The real estate industry has been slow to embrace technology as a solution to managing its essential processes: leasing and asset management, operations and property management. Until recently, most firms were content to manage their assets and leasing process using DOS-based applications, off-the-shelf spreadsheets and word processors. Although the business community in general had adopted the Windows standard by 1990, real estate software firms did not begin to offer Windows versions of their programs until 1994. Now every major real estate software firm has moved its applications to the Windows platform and heavily promotes their "early entry" into Windows.
"DOS-based programs were too inflexible and difficult to learn," says Edwin Van Ginkel, senior manager of business consulting for the Los Angeles office of Arthur Andersen Real Estate Services Group. "These programs lacked a user-friendly interface and made it difficult to easily transfer information from financial models into accounting systems. As the needs of asset managers grew ... they began looking to Windows programs."
For an industry that accounts for billions of dollars in financial transactions and is a primary indicator of the nation's economic health, it is ironic that its technological infrastructure has been unable to keep pace with other industries' deployment of software solutions. One of the biggest obstacles to the development of financial analysis software for real estate has been the lack of a clear standard. The emergence and widespread acceptance of Windows as the platform of choice has been a decisive movement in the right direction. The other development toward a standard has been the growing adoption of a common format for the exchange of data by utilizing ODBC (Open Database Connectivity) protocols. By employing ODBC-compliant software, end-users are able to extract data from different, or external, programs, and import them into their resident programs. This flow of data should be seamless, but often glitches surface which hinder the import of data due to proprietary implementations of ODBC code and differences in the ways the host programs access, compile and interpret data.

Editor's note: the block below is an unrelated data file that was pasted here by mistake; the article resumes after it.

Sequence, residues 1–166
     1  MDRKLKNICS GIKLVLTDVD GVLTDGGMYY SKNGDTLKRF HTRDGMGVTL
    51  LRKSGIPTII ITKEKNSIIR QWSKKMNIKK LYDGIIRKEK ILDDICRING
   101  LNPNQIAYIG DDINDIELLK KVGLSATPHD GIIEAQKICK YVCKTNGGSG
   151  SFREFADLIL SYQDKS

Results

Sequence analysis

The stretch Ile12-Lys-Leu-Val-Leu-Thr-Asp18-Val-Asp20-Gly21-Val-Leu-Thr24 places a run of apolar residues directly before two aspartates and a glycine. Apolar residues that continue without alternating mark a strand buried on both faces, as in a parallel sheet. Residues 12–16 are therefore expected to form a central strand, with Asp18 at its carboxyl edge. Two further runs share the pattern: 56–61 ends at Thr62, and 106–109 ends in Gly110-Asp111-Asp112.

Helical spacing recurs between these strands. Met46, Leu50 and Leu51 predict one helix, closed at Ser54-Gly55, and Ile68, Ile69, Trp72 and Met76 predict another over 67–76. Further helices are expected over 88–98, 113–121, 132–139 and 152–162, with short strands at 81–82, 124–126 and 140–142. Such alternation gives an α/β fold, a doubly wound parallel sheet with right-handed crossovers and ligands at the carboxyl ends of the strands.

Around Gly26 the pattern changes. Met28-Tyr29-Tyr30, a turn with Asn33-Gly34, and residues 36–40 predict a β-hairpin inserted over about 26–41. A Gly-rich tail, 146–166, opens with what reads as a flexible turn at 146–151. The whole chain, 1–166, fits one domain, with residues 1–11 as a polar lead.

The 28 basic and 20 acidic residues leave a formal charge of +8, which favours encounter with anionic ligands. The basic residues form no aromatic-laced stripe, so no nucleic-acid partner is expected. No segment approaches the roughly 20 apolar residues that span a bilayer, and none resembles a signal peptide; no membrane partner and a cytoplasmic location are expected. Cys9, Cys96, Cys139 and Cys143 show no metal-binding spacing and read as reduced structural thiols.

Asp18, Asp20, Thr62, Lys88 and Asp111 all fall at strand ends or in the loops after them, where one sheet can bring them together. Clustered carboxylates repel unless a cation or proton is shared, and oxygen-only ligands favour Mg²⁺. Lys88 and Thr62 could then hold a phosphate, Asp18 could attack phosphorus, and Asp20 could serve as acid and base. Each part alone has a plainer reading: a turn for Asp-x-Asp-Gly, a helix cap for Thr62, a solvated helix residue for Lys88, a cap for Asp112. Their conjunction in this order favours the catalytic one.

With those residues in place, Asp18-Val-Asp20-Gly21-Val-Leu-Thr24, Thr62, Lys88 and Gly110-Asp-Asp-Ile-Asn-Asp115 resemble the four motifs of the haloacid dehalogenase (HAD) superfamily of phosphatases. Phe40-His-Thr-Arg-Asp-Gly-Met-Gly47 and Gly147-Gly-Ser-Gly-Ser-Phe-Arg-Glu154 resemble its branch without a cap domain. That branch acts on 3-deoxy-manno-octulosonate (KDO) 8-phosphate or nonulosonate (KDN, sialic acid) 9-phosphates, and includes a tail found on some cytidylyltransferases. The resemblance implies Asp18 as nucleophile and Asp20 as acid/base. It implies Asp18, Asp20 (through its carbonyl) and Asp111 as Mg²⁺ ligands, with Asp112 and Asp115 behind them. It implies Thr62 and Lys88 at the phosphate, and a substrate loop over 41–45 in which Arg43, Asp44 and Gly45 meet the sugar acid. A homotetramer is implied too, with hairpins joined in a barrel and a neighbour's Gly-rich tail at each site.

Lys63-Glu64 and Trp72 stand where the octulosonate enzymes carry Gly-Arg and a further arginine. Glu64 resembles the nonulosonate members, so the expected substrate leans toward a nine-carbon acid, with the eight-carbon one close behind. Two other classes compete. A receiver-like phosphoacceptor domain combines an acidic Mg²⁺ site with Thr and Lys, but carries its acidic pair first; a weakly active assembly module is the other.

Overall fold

Shakeout ahead? New demands on real estate firms to expand and refine their performance-reporting processes and improve the speed of reporting have created an environment that is spurring the software developers into a race to integrate advanced features and offer a virtual one-stop-shop application that does it all.
The quest for this "killer" App by software vendors has become their Holy Grail, and each one is immersed in a development program to devise integrated suites of applications that will meet all their clients' needs. The intensely competitive playing field is littered with a close-knit group of relatively small companies vying for market share. While each of these players has become known for their strengths for asset management or property management or lease analysis, they've begun to overlap into each other's niches.
"We're seeing real estate enter a period of transformation where users are pursuing new categories of tools to meet their needs," says Chris Shaida, a partner in the Information Technology Group of Ernst & Young Kenneth Leventhal Real Estate Group's New York office.